Watch: First-Year Students Engage in Their New Community
For Emilio Garza '16, classrooms aren't limited to the bricks and mortar of an institute of higher education, but can exist around the corners of his adopted community - specifically, a weedy stretch of East 7th Street outside the YWCA in Chester, Pa., where Garza and other incoming Swarthmore College students spent a sweltering afternoon pulling weeds, washing steps and polishing equipment as part of a class-wide community engagement project.
Organized by the College's Dean's Office and Lang Center for Civic and Social Responsibility, nearly 400 new students volunteered at service sites in Chester, Delaware County, Philadelphia, and Swarthmore, Pa., as part of their weeklong orientation. Coverage of the students' efforts appeared in the Delaware County Daily Times and Philadelphia Tribune.
This was the first time the College incorporated a community service effort of this size into its orientation activities.
"Civic responsibility provides just as much education to students as being in a traditional classroom," Garza says. "As students, if we don't learn to get involved in our community before we graduate, then we'll leave school being intellectually prepared for the world, but not socially prepared - and both are equally important."
Riley Collins '16, an incoming student from Mississippi, agrees. "What good is being here if we're not going to try and make some sort of difference?"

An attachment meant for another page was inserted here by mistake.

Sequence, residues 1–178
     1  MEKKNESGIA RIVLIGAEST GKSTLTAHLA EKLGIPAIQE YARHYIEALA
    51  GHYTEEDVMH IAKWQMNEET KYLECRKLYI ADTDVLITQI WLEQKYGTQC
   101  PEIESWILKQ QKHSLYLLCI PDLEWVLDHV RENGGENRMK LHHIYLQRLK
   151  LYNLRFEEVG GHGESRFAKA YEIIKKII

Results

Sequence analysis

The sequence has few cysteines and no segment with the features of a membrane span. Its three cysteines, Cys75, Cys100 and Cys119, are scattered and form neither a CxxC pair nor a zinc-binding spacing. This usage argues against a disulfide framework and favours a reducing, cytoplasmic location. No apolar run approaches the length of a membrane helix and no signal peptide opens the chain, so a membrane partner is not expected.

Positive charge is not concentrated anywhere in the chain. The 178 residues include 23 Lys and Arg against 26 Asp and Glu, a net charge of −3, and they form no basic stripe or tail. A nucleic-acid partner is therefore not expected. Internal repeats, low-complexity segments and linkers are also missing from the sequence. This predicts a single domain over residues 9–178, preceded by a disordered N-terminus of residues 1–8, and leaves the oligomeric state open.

Zachary Stoddard '16, a student from New Jersey, says volunteer activities promoted by Swarthmore "push students to get better - and if we don't push ourselves to improve, how can we expect to go out into the world and expect others to do it?"
The students said they were energized and motivated by Swarthmore's commitment to civic responsibility, an aspect of College life that was reiterated throughout their orientation week.
For A.J. Valera '16 of New York, who spent the afternoon pulling weeds at the Chester Environmental Garden, volunteering as a Swarthmore student is a natural progression. "I've always been involved in some sort of volunteer work," Valera says. "It not only helps the community, it gives you a feeling of personal fulfillment."
Aneesa Andrabi '16 of California, who pulled weeds alongside Valera at the Chester Garden, said one of the reasons she chose Swarthmore was because of its commitment to public service and civic involvement. "It's our responsibility to give back," she says. "We're taking so much from the community - we're going to school on this amazing campus and have access to all these amazing resources. But we're also here to provide and give back for what we have. One of the great things about Swarthmore is that it's not a liberal arts college in the middle of nowhere. We're surrounded by communities. We have an opportunity to get directly involved, so we need to take advantage of that opportunity."
Students were engaged in a variety of community works. In addition to volunteering at the Chester garden and YWCA, students spent the afternoon harvesting at Hillside Farm in Media, mural painting at Chester High School, and packing foods at Philabundance Food Bank in Philadelphia, among other activities.